PoliticsThe Trump Campaign Is Fueled by the Fear of a Female President
The Hillary hate has nothing to do with emails or America's greatness. It goes much deeper.
All summer long, through the non-stop tantrums and insults, through the seething Republican Convention (and, hey, let’s stop calling what happened in Cleveland the Republican Convention, because that is a slur to both good-hearted Republicans and anyone who actually convenes. That was a certified shitshow, and we should be calling it by its proper name, Tragicomic-Con), I kept wondering why Donald J. Trump was so orange with rage. He’s had a nice life! He should spend more time on boats. Get into luxury crabbing. Maybe buy a bay. That’ll chill you out.
More to the point, I wondered, why were his followers so drawn to that hot temper and fulminating rage? Everyone says Hillary Clinton has an “authenticity problem” and that Trump “tells it like it is,” but I’ve never believed either. Hillary’s just stiff; that’s her authentic self. I would argue that Trump’s anger is fake, but his pique is real. That we mistake his natural peevishness and easily injured pride for something endangered and fragile in us, and that he helps us to mistake it. He’s not really mad at Mexicans any more than he cares about coal miners or the future of babies—Mexico is just a dim place on the map with no Trump hotels to brag about (sad!), whose mythic size approximates his self-worth and so justifies its cartoon-rank as enemy. But, to his fans, watching him denigrate one-third of a continent has always felt so very personal. He really cares about me!
This is the trick that every great politician does, and, people, when will we stop saying that Donald Trump isn’t a politician? He’s every bit as craven a politician as Ted Cruz, Marco Rubio, and Insert Your Favorite Demagogue. A politician is someone who wants your vote. Trump’s actually a more natural politician than Hillary Clinton is.
Worse, he’s no less cynical than the “career politicians” Americans say they abhor, a man who simply grew bored with the size of his sandbox, real-estatin’ and reality-TV-makin’, and so went looking for larger conflict somewhere else. I still believe that he doesn’t really want to be president. He’s much more interested in defeating anyone who might wish for the Big Job. This is what gets him up in the morning. Defeating is everything. No wonder, according to veteran reporter Robert Draper, Trump floated a weird super-VP slot to John Kasich that would have allowed the veep to be in charge of “domestic and foreign policy.” (Also known as: the world.) The president would presumably sit back and Trumpificate.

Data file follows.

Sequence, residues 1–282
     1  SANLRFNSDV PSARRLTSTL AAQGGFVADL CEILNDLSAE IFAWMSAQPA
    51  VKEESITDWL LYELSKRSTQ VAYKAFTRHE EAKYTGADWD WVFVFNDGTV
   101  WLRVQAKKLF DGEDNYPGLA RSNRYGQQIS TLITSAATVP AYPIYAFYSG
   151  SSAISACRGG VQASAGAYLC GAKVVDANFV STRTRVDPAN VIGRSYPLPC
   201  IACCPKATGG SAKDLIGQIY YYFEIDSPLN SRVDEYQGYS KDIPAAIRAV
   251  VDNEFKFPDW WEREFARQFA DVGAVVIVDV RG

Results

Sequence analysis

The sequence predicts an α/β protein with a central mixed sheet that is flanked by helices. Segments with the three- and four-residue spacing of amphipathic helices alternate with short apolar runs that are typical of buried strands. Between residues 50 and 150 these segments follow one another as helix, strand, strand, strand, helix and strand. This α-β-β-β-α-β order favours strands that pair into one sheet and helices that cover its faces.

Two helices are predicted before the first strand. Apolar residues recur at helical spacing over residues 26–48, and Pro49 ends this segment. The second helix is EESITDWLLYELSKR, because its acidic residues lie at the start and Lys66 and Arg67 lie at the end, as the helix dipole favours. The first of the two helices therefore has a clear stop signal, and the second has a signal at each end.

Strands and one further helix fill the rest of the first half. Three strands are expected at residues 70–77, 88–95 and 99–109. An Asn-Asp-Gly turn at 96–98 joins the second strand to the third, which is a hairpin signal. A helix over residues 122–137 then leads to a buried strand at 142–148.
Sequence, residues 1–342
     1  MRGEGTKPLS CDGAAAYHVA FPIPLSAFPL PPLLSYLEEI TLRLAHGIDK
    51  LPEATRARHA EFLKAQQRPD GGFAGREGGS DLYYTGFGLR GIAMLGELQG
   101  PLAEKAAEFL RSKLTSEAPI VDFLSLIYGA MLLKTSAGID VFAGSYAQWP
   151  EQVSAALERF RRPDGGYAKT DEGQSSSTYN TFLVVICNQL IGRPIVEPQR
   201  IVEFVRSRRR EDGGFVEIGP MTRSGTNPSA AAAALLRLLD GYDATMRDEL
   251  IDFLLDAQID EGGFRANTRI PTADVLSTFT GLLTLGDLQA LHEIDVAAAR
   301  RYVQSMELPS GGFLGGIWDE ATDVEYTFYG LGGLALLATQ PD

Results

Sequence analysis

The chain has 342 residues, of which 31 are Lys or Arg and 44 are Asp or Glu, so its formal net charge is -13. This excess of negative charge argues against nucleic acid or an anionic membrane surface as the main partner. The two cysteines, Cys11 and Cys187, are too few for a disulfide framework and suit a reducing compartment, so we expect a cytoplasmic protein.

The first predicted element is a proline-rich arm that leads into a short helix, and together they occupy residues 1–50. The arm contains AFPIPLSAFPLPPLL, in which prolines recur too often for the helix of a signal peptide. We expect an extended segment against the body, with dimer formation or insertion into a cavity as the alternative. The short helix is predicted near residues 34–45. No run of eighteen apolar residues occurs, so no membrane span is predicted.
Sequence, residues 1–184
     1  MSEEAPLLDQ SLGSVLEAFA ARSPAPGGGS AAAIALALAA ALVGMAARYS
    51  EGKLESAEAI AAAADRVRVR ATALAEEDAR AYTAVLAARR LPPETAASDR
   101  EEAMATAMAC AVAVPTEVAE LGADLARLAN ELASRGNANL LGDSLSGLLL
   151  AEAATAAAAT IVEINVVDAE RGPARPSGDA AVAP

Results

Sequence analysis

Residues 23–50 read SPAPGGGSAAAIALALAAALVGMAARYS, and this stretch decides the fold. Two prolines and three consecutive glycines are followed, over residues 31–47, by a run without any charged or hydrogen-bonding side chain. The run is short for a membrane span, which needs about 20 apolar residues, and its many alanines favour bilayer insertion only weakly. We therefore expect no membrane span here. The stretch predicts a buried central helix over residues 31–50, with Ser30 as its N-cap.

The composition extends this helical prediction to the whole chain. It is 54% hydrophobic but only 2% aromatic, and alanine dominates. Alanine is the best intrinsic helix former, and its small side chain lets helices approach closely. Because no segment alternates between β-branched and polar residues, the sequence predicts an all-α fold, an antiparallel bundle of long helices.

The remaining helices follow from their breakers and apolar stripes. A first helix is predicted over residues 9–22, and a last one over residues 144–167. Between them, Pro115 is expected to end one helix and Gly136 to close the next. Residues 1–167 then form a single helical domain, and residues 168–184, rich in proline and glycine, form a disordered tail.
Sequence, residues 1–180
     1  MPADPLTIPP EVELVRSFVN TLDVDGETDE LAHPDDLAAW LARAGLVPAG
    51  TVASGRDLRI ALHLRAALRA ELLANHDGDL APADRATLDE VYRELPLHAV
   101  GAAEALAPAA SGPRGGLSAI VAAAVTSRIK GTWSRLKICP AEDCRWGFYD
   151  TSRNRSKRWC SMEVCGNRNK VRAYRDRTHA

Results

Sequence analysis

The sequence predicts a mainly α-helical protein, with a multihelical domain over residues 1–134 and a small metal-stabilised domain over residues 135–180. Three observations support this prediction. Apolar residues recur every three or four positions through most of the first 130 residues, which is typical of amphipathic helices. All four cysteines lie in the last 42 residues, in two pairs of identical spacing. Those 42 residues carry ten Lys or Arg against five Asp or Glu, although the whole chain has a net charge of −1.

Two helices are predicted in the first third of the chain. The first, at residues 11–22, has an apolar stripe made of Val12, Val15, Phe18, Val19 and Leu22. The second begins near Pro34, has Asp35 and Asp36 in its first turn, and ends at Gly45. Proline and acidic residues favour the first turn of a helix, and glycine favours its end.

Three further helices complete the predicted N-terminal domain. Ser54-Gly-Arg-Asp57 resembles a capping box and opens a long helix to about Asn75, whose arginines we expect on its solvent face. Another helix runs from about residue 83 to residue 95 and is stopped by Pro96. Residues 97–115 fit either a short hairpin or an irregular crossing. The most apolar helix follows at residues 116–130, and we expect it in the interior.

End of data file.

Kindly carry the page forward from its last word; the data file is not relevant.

So you’ve got a pretend non-politician who pretend-rages for the benefit of people he doesn’t care about. That’s a guaranteed recipe for success. But still, why is that blindingly attractive to so many Americans? A lot’s been said about the lily-white appeal and racial Unterton of Trump’s campaign, and that’s there. But I think something else is in the air. Something, if the country would simply lie down on a couch in front of me, I could explain in a kind and Freudian way. Straight up: fear of a gynarchy. Rule by women. It’s no coincidence that in a year when the first female president loomed as historical reality, Republicans would gravitate toward the most swaggering, insecure alpha male ever to run for higher office.
It will all be okay, I want to say. Hillary will become president, she will be capable and wise, and exert sound and prudent judgment.
Whether you love, hate, or wish to federally prosecute Hillary Clinton, your ears register it—at Trump rallies, in negative ads, in the subtext of Chris Christie’s venom, and surely soon at the debates—a strange male whine that is disproportionate to any threat. It’s the threat that comes from the imagination, the psychic kind. In that regard, the GOP convention hit a new high in lows. The withering attacks on Hillary—she was name-checked compulsively and vilified more than any candidate in modern history—were cast as dire, last-ditch attempts to regain our “security.” But the securities at new risk were all-male.
For the hardest-core Hillary haters and knee-jerkiest Trumpers, this election is not about sovereignty or national security but about something more threatening: submission. Just as many aggrieved white males couldn’t bear to submit to a black leader under Obama, causing strange, finger-pointy, That man is from Kenya! anxieties, many now can’t imagine submitting to a powerful woman, and so must conjure a she-devil worthy of their hysteria. Lock her up!, the convention crowd roared, like some chant from a witch trial.
It will all be okay, I want to say. Hillary will become president, she will be capable and wise, and exert sound and prudent judgment, all qualities Donald Trump couldn’t milk out of a vice president if you paid him. She’ll be part of our growing up, our maturing as a political culture, once we accept her. But we must submit to wisdom.